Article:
After a year-long top-side consolidation, Tongaat Hulett has commenced the descending phase of a topping-out pattern, which could initiate a breakout out of its major bull trend.
Tongaat Hulett is an agriculture and agro-processing business, focusing on sugar cane and maize – and as a result has a substantial land portfolio.
Although Tongaat managed to maintain its long-term uptrend over the years, trouble loomed when it reached the ceiling at 17 500c/share in November last year.
Trouble started early this year with its Zimbabwe unit. Tongaat Hulett controls just over 50% of the Zimbabwe Stock Exchange-listed Hippo Valley and has a majority interest in Triangle Sugar. The two units supply sugar to Zimbabwe and export markets, largely in the EU.
But the security of land ownership in Zimbabwe was thrown into uncertainty when estates owned by Hippo Valley and Triangle were illegally occupied by about 600 people claiming to have land offer letters from the government. Many investors then put the brakes on Tongaat,
10 000 which saw the share price dwindle until it recently plummeted through a key support level.
Things could get even rockier for the company. Ecobank said in a recent report it believes African producers are showing growing discomfort over the liberalisation of EU sugar regulations. They are concerned that the transformation of Europe’s sugar regime will be a double whammy for African sugar producers, believing it will reduce the need for imports and open up competition.
Brussels imposed production quotas on sugar beet in 2006, which transformed Europe from the world’s second-largest sugar exporter to a net sugar importer. These production caps will be lifted in 2017, which is expected to result in a significant increase in European sugar production. This will not only reduce the demand for sugar imports, but may also result in the EU becoming a net exporter again.
The EU currently allows a duty-free import quota of 3.5m tons from the so-called ACP countries that include most of Sub-Saharan Africa, the Caribbean and Pacific island nations such as Jamaica. Some analysts feel Illovo and Tongaat Hulett “could benefit” from the quota by leveraging production at their operations in other African countries that benefit from the ACP quota.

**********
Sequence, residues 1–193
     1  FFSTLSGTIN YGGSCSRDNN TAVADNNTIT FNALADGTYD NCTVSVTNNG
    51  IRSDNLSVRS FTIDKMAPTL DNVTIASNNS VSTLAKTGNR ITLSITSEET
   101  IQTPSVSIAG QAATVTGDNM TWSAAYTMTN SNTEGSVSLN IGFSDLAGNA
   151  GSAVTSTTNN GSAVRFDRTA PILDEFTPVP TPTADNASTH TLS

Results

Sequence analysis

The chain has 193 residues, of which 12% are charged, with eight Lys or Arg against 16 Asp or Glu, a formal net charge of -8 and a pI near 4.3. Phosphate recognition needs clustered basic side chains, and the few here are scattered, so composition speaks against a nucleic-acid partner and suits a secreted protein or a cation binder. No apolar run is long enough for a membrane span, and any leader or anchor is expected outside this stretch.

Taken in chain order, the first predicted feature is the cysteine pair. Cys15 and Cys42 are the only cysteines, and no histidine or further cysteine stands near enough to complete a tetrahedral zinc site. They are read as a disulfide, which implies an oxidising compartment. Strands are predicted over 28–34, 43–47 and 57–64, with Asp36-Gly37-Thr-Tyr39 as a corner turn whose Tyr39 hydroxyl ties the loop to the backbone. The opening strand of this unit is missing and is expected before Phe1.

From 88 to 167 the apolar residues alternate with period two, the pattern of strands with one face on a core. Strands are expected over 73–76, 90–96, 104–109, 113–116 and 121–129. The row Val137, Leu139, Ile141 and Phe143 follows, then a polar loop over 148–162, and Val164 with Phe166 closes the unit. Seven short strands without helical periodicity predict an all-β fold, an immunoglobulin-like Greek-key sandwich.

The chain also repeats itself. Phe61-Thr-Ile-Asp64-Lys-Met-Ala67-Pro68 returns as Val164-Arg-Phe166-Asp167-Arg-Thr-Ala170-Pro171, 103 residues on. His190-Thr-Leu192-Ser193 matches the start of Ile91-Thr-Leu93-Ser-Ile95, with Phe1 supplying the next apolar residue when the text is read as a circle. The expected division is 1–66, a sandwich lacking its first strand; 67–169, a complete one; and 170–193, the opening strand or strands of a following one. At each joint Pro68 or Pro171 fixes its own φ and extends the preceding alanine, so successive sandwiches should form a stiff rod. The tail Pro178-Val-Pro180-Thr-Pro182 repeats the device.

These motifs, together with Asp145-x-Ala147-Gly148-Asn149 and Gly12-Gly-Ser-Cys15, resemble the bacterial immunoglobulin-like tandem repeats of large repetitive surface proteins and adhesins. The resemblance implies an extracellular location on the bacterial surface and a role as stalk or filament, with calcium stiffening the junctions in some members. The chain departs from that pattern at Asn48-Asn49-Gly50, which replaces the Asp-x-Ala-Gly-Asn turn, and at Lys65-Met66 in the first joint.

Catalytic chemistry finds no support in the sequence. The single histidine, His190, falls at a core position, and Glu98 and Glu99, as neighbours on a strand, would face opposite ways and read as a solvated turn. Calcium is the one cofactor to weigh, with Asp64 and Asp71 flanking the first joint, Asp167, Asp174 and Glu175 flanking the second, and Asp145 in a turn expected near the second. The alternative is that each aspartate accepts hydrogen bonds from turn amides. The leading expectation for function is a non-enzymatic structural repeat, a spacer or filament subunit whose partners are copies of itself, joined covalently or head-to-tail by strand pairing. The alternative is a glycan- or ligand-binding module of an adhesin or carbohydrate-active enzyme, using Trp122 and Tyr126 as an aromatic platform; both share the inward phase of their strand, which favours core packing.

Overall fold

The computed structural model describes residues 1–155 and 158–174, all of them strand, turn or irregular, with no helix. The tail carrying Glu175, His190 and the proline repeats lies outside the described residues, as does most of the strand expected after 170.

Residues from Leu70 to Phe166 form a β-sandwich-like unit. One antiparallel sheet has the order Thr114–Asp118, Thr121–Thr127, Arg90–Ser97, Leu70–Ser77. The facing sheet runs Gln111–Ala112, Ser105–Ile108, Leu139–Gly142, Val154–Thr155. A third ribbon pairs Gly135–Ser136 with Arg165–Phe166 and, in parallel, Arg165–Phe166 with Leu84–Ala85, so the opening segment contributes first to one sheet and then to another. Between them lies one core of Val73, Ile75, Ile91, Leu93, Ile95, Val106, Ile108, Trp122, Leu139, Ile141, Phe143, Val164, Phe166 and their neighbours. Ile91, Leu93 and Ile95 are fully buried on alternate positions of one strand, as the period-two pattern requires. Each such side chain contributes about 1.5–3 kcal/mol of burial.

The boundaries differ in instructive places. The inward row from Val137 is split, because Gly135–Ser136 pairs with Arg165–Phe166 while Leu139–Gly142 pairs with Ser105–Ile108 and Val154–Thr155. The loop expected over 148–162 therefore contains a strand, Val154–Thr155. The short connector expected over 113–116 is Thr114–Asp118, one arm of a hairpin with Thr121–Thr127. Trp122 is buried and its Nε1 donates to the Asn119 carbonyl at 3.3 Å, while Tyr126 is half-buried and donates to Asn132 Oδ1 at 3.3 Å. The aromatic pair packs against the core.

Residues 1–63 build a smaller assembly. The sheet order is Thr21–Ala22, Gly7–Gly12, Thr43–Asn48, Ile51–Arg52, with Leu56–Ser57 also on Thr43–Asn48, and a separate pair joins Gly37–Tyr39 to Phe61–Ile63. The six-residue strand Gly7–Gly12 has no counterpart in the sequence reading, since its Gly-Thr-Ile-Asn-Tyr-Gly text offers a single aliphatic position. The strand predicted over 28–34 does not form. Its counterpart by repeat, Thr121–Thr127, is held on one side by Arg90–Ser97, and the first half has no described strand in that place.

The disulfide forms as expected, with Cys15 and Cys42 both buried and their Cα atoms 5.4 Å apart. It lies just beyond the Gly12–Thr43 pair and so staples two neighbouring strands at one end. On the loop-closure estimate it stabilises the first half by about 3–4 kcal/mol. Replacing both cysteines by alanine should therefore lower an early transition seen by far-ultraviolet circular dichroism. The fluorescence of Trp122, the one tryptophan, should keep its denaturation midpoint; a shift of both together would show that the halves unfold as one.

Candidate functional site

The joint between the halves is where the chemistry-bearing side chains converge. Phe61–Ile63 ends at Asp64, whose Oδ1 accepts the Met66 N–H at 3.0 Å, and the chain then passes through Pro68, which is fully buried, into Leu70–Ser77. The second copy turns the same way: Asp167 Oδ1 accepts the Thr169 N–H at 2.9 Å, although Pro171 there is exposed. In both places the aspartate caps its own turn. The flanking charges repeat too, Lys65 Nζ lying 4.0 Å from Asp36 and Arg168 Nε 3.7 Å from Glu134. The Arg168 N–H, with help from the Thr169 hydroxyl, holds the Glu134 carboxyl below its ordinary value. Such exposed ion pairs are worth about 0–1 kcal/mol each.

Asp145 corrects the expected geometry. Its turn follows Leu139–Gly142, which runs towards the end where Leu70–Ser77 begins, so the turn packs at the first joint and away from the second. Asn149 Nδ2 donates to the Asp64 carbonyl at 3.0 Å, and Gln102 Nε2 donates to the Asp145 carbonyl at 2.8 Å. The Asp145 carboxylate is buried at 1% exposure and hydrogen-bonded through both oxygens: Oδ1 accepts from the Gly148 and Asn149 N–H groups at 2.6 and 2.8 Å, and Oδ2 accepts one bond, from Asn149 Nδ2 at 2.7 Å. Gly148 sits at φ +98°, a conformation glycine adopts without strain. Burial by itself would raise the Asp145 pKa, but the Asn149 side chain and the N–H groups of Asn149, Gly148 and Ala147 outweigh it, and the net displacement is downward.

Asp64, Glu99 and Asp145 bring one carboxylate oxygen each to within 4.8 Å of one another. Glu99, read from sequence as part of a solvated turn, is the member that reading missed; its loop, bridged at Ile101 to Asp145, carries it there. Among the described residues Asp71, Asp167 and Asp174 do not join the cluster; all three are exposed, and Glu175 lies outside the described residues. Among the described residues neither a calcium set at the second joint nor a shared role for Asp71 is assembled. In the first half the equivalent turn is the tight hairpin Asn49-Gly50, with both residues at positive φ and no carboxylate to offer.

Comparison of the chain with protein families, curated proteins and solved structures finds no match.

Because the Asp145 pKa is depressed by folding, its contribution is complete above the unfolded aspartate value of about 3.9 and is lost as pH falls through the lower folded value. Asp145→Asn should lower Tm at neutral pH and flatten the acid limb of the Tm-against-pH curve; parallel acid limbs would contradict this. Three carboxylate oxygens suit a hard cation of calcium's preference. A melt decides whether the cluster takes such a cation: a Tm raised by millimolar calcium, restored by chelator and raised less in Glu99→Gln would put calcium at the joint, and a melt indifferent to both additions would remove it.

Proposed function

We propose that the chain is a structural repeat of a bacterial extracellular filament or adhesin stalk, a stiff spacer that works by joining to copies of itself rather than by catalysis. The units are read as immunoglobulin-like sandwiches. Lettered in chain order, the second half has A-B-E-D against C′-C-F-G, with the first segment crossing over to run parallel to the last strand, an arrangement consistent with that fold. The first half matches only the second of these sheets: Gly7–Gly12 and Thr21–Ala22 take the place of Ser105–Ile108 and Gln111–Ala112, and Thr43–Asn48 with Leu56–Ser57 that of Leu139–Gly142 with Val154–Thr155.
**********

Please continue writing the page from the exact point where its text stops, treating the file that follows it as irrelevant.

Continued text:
In its results for the year ended March, Tongaat reported a 2.8% increase in revenue to R16.2bn, while operating profit fell 12% to R2.1bn. Thanks to stronger cash f lows from operations, the dividend was increased by 5.6% to 380c/ share.
Tongaat said land conversion and development activities will continue to unlock substantial value, despite operating profit being below that reported last year. Over the next five years, Tongaat is expected to continue its property sales, with about 3 800 developable hectares earmarked in KwaZulu-Natal, including around Umhlanga and Cornubia.
Breaching the 13 615c/share key support level has now placed Tongaat in the descending phase of a topping-out pattern. It’s still trading within its major bull trend, and the support trendline (black bold trendline) could curb a sell-off. However, if the relative strength index (RSI) remains bearish and the trendline on the price chart is breached below 11 800c/share, downside to the 9 730c/share targeted mark could ensue. The 8 545c/share support level could even be tested.
A false breakthrough past the 13 615c/share key level would be deemed false above 14 500c/share. However, Tongaat would only redeem itself above 17 500c/share.